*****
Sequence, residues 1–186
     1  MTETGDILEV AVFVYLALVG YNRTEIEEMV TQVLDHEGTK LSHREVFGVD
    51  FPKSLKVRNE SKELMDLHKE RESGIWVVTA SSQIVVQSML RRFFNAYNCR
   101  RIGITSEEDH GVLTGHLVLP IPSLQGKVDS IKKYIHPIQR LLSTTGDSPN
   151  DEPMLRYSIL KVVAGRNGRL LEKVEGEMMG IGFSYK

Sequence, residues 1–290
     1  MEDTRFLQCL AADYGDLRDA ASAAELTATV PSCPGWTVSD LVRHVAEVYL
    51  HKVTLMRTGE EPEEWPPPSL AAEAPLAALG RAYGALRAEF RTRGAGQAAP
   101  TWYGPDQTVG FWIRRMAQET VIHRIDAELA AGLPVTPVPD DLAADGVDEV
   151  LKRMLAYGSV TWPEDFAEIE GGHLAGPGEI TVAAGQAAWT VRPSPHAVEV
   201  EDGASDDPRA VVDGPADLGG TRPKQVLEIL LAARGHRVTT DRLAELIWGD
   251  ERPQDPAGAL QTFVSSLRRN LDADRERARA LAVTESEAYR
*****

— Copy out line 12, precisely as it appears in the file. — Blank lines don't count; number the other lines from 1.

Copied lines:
   251  ERPQDPAGAL QTFVSSLRRN LDADRERARA LAVTESEAYR